Doctors place little value on patients’ perspectives, jarring survey shows

January 8, 2024

It can be a difficult chore to advocate for yourself in the doctor’s office—especially when what you have to say doesn’t carry the weight that it probably should. According to a new study, many doctors place minimal importance on patients’ perspectives during diagnosis—a practice that may need reassessment, reports Study Finds.

The research—conducted by a team from the University of Cambridge and King’s College London—examines how clinicians value different types of evidence when making diagnoses. Surprisingly, only 4% of the doctors surveyed considered patients’ self-assessments as one of the top three valuable sources of evidence, out of 13 types.

Additionally, the study uncovered a gender bias in diagnosis. Female patients were more frequently told that mental factors, such as stress, were causing or worsening their symptoms. Moreover, male clinicians were more likely to suggest that patients were exaggerating their symptoms.

A patient interviewed for the study expressed that feeling disbelieved and disregarded by their doctor created a “very unsafe environment.” This sentiment underscores the need for medical professionals to evolve beyond the outdated “paternalistic” mindset of “doctor knows best” and to start valuing patients’ views.

The study involved over a thousand doctors and patients and focused on neuropsychiatric lupus as an example. It’s a challenging disease to diagnose—and the research assessed how clinicians weigh 13 different types of evidence, including brain scans, observations from family and friends, and patients’ self-assessments. Nearly half of the patients reported that their doctors seldom asked for their disease assessments, although some patients had positive experiences with doctors valuing their opinions.

Most doctors rated their assessments as the highest, despite admitting uncertainty in diagnosing symptoms like headaches, hallucinations, and depression. These “neuropsychiatric” symptoms, often misdiagnosed, can lead to lower quality of life and earlier death.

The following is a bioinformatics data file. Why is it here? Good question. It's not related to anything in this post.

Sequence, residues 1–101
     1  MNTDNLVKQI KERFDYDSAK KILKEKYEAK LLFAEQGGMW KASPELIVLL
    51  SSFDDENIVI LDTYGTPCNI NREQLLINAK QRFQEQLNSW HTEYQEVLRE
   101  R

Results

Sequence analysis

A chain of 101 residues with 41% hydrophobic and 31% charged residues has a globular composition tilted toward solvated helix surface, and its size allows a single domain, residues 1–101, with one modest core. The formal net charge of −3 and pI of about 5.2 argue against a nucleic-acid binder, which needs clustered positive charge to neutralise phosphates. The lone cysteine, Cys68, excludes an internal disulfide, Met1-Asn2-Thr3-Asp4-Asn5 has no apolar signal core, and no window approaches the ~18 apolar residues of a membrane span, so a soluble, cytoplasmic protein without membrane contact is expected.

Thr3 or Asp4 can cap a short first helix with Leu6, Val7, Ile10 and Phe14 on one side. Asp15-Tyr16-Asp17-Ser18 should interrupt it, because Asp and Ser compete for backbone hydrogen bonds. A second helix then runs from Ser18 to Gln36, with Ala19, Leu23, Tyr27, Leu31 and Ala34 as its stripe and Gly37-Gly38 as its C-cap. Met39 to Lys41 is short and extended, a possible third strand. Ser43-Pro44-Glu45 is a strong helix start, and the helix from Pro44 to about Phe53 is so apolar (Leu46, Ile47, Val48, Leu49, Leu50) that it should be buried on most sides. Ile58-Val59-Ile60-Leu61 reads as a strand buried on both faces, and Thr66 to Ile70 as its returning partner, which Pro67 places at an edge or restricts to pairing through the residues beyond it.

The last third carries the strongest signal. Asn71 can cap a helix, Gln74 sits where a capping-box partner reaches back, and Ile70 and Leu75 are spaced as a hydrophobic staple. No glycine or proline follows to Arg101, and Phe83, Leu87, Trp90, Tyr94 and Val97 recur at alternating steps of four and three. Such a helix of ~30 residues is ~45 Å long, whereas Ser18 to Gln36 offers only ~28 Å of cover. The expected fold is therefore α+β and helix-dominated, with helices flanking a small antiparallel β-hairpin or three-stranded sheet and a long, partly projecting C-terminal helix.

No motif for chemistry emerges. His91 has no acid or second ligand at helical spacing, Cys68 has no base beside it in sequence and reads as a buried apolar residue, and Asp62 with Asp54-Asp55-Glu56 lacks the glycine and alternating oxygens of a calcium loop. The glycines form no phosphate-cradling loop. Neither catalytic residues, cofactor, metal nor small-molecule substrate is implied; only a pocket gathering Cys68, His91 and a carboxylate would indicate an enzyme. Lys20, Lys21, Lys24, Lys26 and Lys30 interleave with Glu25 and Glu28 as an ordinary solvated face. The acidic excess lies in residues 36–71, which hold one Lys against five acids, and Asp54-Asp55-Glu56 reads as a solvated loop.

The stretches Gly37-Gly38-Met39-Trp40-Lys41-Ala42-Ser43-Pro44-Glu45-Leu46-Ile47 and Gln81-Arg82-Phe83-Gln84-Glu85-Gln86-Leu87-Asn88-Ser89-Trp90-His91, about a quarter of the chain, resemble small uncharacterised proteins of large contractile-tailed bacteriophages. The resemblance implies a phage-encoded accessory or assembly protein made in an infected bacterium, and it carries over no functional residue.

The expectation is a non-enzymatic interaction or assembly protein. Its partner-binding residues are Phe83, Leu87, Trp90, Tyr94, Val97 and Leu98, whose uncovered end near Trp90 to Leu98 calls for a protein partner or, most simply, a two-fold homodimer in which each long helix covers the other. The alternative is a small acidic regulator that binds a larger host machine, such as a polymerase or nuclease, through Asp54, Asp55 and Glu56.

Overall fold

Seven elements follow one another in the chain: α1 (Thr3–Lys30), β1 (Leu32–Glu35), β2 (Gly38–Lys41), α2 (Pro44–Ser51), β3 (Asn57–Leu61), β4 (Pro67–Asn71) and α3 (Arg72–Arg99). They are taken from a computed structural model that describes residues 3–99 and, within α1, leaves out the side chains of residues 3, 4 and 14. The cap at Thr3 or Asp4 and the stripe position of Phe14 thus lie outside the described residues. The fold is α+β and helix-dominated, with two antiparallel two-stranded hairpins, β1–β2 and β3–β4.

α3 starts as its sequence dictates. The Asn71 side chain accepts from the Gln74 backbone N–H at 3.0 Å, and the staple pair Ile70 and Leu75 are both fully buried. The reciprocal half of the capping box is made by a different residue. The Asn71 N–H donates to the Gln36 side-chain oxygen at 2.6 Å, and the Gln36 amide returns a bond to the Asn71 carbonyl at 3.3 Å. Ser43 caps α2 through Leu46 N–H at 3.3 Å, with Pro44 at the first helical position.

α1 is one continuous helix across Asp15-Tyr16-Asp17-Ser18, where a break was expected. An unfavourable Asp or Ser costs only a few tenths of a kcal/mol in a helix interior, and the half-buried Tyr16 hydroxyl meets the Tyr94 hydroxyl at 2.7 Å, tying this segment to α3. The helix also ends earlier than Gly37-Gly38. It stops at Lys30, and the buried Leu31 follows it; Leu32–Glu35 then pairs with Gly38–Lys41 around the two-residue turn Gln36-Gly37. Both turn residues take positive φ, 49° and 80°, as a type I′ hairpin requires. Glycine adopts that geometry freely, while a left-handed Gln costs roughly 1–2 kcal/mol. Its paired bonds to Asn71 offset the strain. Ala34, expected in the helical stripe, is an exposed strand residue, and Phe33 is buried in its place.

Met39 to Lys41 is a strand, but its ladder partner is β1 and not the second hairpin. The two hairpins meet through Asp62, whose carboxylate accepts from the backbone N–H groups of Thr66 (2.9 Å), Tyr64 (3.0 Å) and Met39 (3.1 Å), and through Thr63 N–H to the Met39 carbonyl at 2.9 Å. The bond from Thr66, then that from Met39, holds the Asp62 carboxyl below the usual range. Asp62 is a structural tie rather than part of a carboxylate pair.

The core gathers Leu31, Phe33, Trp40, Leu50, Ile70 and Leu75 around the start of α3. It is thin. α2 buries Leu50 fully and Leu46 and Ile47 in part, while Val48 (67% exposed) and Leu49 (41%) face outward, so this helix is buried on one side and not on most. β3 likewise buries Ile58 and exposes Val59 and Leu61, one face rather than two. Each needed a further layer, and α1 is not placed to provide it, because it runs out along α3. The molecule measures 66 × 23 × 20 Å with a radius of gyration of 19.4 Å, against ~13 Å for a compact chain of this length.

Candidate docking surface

The study highlights one patient’s experience of feeling “degraded and dehumanized” by their doctor’s disbelief. The patient emphasized the danger of disregarding patients’ expertise on their own bodies.

Prior research shows that a doctor listens to a patient’s concerns for just 11 seconds before cutting them off. The same study also found that only 33% of doctors give their patients adequate time to speak during a visit.

The study also notes that personal characteristics, like ethnicity and gender, sometimes influence diagnoses. Female patients, for instance, were often told their symptoms were psychosomatic.

While some medical professionals—especially nurses and psychiatrists—highly value patient opinions, the study suggests a broader need for a shift in approach.

The authors acknowledge that patients might sometimes misinterpret their “No human being is always going to be able to accurately pinpoint the cause of symptoms, and patients and clinicians can both get this wrong,” concludes Dr. Tom Pollak, a senior author of the study. “But combining and valuing both views, especially when the diagnostic tests aren’t advanced enough to always detect these diseases, may reduce misdiagnoses and improve clinician and patient relationships, which in turn leads to more trust and more openness in symptom reporting.”

The findings are published in the journal Rheumatology.

Research contact: @StudyFinds